PRESIDENT Jacob Zuma has recommitted the ANC to the second phase of the democratic transition – that of radical socioeconomic transformation – as part of the party’s plan of action for this year.
Delivering the ANC’s annual January 8 statement as part of the party’s 103rd anniversary celebration in Cape Town on Saturday, Zuma emphasised the second phase of the transformation.
“This represents a fundamental break with the ownership patterns of the past and the putting in place of a South Africa that belongs to all who live in it,” Zuma said.
He sid monopoly capital still had an unhealthy effect on the economy.
“We must break the stranglehold of monopoly capital on our economic development.
“It is imperative that the Competition Commission continues to address monopolistic, collusive and anti-competitive behaviour and becomes even bolder in its preventative and punitive measures,” Zuma said.
He also called for cutting the red tape he said was stifling the full potential of the economy.
South Africa would finalise amendments to applicable laws to ensure that mineworkers and mining communities shared more equitably in the country’s mineral wealth.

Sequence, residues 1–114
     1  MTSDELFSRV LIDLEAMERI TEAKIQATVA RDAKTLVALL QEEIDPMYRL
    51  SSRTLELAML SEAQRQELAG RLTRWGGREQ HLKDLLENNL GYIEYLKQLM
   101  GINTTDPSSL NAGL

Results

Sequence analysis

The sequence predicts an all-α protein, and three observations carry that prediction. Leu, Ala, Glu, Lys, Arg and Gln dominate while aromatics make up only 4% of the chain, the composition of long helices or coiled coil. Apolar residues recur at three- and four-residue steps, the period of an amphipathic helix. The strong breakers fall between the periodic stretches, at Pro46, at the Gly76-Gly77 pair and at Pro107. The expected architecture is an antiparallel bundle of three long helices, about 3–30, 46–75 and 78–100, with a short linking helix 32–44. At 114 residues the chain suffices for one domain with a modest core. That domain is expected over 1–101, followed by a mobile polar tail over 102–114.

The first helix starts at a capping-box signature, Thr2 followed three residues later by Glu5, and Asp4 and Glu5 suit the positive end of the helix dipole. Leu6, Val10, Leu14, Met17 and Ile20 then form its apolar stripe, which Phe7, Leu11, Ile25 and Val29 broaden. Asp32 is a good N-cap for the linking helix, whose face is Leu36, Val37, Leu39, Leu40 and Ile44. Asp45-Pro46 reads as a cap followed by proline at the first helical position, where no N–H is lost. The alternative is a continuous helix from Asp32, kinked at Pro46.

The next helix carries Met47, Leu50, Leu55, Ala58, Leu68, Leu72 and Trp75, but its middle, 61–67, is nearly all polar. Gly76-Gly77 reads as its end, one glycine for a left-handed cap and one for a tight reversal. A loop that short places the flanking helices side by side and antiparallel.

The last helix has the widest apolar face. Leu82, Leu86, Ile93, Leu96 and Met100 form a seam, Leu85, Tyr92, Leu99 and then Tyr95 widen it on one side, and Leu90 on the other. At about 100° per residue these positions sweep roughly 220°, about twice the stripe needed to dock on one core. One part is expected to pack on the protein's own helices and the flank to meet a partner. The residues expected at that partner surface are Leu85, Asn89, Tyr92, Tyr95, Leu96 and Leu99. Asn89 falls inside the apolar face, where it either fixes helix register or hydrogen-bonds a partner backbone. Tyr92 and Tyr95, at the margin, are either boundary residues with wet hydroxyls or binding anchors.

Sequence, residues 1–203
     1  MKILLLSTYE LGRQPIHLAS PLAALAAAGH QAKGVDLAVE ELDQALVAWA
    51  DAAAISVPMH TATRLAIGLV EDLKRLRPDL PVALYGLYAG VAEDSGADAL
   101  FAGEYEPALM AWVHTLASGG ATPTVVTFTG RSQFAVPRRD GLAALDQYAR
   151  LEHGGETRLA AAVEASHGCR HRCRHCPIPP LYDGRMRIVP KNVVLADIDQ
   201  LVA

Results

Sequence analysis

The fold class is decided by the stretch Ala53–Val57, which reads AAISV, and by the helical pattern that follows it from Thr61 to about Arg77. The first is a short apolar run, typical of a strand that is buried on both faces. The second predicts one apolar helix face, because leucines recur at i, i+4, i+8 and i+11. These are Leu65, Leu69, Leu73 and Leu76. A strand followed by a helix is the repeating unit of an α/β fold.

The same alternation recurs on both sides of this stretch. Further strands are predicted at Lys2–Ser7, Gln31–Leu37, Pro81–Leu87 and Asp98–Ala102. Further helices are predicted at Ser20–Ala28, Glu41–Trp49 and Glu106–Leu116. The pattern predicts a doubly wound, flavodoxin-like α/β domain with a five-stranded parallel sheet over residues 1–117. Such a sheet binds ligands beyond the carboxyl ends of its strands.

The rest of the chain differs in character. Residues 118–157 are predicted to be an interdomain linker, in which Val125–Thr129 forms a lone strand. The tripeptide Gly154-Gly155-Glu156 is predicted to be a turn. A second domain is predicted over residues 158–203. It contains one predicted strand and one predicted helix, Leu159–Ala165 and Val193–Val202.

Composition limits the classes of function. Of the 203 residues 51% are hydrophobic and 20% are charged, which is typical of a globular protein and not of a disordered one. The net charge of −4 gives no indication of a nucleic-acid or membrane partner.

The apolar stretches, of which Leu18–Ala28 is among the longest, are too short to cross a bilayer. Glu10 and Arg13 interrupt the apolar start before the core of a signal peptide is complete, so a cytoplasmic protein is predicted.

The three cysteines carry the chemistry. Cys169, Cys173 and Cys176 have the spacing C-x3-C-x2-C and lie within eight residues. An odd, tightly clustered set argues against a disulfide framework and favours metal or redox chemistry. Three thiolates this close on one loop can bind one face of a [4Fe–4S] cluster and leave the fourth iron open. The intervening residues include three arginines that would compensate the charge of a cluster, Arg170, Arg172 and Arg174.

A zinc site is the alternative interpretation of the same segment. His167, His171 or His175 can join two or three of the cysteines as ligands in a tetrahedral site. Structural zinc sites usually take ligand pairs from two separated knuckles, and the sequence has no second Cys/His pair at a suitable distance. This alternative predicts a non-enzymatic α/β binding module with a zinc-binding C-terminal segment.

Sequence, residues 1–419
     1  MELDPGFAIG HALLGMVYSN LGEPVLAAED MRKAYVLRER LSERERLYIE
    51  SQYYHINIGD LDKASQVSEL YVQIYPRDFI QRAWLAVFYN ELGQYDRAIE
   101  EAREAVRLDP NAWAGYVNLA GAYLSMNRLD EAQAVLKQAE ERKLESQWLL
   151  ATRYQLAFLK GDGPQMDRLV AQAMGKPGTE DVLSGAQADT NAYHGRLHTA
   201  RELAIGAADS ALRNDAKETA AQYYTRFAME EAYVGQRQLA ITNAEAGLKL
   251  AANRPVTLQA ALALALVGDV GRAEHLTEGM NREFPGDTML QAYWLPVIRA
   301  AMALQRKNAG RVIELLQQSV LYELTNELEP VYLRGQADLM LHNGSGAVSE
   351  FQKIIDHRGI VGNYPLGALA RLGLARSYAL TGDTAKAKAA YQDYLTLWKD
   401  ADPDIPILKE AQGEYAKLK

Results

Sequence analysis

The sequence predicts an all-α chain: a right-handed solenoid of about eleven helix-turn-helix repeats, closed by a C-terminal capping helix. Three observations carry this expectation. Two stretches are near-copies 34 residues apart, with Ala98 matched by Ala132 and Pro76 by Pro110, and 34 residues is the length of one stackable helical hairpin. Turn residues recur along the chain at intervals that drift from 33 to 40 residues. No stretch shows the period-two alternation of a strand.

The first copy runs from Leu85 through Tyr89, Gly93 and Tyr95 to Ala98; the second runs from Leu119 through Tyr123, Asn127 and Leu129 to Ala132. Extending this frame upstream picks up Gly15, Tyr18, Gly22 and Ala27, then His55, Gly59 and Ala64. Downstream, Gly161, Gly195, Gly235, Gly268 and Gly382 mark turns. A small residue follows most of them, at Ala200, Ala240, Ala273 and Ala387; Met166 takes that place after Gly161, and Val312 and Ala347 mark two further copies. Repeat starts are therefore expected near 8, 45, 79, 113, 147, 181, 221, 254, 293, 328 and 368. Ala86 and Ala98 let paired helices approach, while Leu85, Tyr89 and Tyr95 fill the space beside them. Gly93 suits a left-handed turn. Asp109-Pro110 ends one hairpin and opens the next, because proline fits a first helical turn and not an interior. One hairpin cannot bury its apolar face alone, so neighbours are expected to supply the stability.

He also committed the party to supporting the National Development Plan, through the use of the government’s economic policies, namely the New Growth Path and the Industrial Policy Action Plan.
The statement touched on the loyalty of the emerging black middle class amid concerns among the ANC leadership that it was no longer in step with the party.
“The ANC members and structures must ensure the values that inform the role and outlook of the middle class are consistent with our historic values, namely sacrifice, accountability and integrity.”
Zuma’s statement encouraged the ANC’s branches to take an active interest in the development of local economies, and work with alliance partners such as the SACP and Cosatu on their financial sector campaigns.
It spoke extensively on the ANC’s achievements during the last 20 years with tasks being given to the party of what it must achieve this year.
Zuma used the Freedom Charter as the basis for the statement which paints a picture of the party’s plan for the coming year.
This year marks the 60th anniversary of the drafting of the Freedom Charter in the Johannesburg township of Kliptown.
The charter’s 11 main clauses were drafted in 1955 at an ANC-led congress of the people that included people of all races and political persuasions. – BDlive
– Paul Vecchiatto